Now that I’m in Austin and back to full time freelancing, I guess I’ve been taking advantage of alone time I can get now. My world consists of my bedroom, my office, the mailbox, and the playground down the street. It was so needed after the constant interactions I had to deal with in NYC. I’ve been reveling in it, actually.
But maybe too much.
So a while back, I made a decision to socialize more in person with my various communities than online. It easy for the computer savvy geek in me to limit my interactions to tweets, posts, and likes. But I also believe that forgoing in person connections makes PJ a dull girl. So I push myself to make public appearances when I can.
Note: Yes, I made up the word “un-quit.” So what? I like it. I think I’ll use it more often.
Networking isn’t that simple. If it were, every business would succeed wildly. While it’s true the right individual can get you what you need, actually contacting this person in the first place can be a bit of a challenge. Here are a few ways to make it much easier so you can work on improving and expanding your business.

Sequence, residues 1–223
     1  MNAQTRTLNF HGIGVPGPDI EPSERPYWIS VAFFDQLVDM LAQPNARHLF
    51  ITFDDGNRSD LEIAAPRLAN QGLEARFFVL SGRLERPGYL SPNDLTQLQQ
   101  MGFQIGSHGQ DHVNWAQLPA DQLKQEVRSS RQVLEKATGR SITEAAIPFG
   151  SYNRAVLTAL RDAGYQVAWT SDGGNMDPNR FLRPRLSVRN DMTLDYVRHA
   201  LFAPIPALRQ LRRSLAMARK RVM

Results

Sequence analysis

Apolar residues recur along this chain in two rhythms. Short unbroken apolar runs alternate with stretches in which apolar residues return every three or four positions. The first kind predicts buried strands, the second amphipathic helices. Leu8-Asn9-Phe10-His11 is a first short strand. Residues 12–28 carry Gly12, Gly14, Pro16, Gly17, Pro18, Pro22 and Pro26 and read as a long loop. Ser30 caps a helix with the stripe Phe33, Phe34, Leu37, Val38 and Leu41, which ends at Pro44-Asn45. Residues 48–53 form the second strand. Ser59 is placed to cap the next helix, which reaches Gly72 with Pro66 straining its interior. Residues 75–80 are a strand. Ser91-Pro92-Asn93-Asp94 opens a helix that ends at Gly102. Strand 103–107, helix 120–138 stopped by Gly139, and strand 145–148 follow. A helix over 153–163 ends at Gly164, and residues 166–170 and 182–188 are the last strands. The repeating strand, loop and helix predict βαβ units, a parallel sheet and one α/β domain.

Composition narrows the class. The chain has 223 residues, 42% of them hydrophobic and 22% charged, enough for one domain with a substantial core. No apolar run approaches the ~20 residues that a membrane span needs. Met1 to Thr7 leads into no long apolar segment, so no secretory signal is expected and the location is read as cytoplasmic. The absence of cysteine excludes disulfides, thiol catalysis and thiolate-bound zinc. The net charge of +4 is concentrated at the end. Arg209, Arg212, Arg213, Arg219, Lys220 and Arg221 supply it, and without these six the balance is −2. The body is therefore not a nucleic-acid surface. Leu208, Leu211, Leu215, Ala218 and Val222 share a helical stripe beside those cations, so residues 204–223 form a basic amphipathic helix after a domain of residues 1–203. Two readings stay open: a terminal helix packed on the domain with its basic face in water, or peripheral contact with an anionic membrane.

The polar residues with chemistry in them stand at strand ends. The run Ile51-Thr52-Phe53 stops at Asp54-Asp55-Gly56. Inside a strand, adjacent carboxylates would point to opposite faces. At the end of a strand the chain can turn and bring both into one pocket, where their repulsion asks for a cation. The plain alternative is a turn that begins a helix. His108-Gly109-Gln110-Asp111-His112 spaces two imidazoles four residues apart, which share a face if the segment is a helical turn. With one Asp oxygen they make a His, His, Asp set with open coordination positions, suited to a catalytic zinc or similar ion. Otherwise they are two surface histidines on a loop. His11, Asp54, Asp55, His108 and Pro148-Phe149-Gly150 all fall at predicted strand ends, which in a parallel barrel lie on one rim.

You don’t want to limit yourself as a business owner. You got into the freelance world because you like to play by your own rules and don’t want to conform to anyone else’s standards. It’s part of your passion to make your own way.
Throughout history, authors have kept journals, written letters and dashed off occasional broadsides on the issues of the day. Normally, though, the best of such spontaneous writings got published after the author’s death. They weren’t themselves considered the author’s body of work or judged as indicative of his or her talent.
So I’ve got big news. I’ve made it to the big league.
Pop quiz, hotshot! If someone were to come up to you today and ask you very specific details about your freelance business, do you think you could hand them over? Do you have a real grasp on the details of your company or are you flying by the seat of your pants?